CTI teams need the right people, processes, and technology to effectively monitor social media for threats. CTI analysts responsible for this mission need to understand their organization very well, have a strong ability to understand other languages and cultures to understand the context of statements in social media, and have strong familiarity with various social media. Outside of the CTI team, there need to be identified stakeholders who support this effort and will take action when notified of a threat. To that end, there need to be established processes for all pertinent threat scenarios. For technology, many companies offer solutions that have the ability to continuously scan and monitor social media for various threat scenarios. Any tool that fulfills this mission must be able to handle the massive amount of data that is available on social media, possess the ability to search and do analysis in the tool, store data points for later analysis, share with other analysts, and, ideally, facilitate takedowns of certain social media sites or content that are clearly impersonating an organization’s brand and personnel.


What is the minimum?

For CTI, the following are the very minimum things that a CTI section should do regarding social media threats:

  1. Know what your organization’s social media assets are and who owns them. This means doing an assessment early on to know what official social media assets exist that officially represent the organization. It’s important also to know if the communications, marketing, public affairs, or HR departments own these profiles and how they are being secured. Who has access to alter the profile? Who can post content? Who is monitoring traffic? Similarly, the profiles for the organization’s VIPs – the C-suite / Secretary level personnel are very important to track as they are high value targets for impersonations.
  2. Know what other uncontrolled social media assets exist. In addition to the official and high value profiles, the other profiles that either do or could be considered as ‘officially representing the organization’ should also be tracked and monitored by the CTI team as their hijacking or impersonation can cause increased damage since it rarely (if ever) gets official attention.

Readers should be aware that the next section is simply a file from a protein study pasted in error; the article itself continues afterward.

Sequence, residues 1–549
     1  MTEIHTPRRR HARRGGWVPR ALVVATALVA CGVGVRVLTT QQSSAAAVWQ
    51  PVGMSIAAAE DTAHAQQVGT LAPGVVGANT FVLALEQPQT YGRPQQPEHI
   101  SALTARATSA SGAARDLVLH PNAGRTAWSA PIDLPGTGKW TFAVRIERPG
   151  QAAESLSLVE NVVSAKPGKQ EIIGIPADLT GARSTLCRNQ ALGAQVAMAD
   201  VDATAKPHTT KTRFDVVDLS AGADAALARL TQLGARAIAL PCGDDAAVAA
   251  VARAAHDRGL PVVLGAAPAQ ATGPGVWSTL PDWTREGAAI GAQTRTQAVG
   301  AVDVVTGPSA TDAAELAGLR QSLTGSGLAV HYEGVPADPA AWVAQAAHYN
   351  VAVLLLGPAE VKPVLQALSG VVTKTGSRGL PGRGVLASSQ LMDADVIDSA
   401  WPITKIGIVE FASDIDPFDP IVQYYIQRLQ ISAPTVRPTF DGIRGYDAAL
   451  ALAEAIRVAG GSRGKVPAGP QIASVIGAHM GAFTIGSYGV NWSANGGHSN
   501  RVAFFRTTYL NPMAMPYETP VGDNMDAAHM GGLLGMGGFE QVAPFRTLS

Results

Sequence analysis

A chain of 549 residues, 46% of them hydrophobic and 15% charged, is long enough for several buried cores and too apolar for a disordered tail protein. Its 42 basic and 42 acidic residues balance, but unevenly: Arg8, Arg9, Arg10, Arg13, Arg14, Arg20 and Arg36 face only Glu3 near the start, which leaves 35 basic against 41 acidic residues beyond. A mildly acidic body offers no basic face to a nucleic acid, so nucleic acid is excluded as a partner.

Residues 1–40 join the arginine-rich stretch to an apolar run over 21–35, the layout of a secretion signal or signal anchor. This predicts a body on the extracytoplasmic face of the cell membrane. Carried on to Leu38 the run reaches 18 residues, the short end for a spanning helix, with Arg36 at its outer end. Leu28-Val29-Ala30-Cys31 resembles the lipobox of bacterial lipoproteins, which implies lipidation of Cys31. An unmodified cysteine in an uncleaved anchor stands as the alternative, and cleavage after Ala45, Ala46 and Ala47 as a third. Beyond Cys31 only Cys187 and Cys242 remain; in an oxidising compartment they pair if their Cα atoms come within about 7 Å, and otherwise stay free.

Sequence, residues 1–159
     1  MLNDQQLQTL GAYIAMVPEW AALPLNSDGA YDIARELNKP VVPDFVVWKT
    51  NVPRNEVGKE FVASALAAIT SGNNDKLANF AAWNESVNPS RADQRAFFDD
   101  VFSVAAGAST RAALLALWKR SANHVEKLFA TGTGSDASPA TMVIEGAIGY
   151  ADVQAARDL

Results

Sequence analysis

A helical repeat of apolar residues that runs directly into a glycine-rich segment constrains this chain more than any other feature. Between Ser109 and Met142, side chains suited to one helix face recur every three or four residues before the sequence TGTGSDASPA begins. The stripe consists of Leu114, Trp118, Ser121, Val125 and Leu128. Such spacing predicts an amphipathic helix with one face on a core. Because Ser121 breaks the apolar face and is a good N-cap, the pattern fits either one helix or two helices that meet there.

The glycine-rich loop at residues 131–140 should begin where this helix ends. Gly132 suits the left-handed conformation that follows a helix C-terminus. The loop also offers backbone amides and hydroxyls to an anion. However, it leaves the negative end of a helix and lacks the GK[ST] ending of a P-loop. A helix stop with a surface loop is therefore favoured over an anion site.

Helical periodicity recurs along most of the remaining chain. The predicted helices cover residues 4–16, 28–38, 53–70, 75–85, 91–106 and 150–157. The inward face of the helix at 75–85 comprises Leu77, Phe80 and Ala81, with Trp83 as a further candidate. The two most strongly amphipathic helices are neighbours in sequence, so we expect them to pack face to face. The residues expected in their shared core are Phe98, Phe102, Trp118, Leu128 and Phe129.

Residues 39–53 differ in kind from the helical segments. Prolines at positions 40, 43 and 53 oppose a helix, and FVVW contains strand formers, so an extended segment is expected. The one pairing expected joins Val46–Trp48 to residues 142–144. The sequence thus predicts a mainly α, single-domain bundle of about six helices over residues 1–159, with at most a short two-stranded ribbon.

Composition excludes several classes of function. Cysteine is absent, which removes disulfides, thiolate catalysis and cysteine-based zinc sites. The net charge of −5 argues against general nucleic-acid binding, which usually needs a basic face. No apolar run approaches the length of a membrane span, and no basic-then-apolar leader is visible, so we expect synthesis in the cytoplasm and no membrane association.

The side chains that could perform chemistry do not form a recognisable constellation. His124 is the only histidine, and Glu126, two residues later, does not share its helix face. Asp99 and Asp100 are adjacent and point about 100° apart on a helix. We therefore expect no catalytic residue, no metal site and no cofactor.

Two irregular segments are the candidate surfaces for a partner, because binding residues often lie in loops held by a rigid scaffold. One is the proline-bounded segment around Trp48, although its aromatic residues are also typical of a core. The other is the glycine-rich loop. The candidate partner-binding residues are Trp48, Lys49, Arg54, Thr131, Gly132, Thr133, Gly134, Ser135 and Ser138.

3. Establish a baseline for activity to detect account hijacking. What is the average traffic like from and to this profile? What content is normal and what is anomalous? Knowing these are important to quickly identifying a hijacked or impersonated account.
  4. Review (or establish) the appropriate use policy. Many organizations have an appropriate use policy in place that states what is acceptable and unacceptable use on social media. Few however find the right balance between being user-friendly and draconian. CTI can help organizations assess the organization specific threats and likelihood of the potential threat scenarios which help craft sound policy.
  5. Monitor for changes. CTI teams should monitor their social media assets of interest.  Monitoring is best done by establishing automated searches and then alerts that result from changes or spikes in activity. It is important for a CTI team to, at this point, have a good list of contacts in the event or a hijacking or impersonation. Additionally, it is important for the CTI team to know how to execute a take down on all the various social media providers. While all the major providers have an advertised method for requesting a takedown of an imposter account, this process is not always timely or easy. CTI can show real value here if they have contacts within the various social media providers to assist when possible and speed up the process.


Social media is a powerful medium for communication but organizations must be aware of the threats and risk inherent in social media to fully take advantage of the communication opportunities.

What are your experiences with CTI and social media threats? Let us know on Twitter and social media with the hashtag #INSAblog.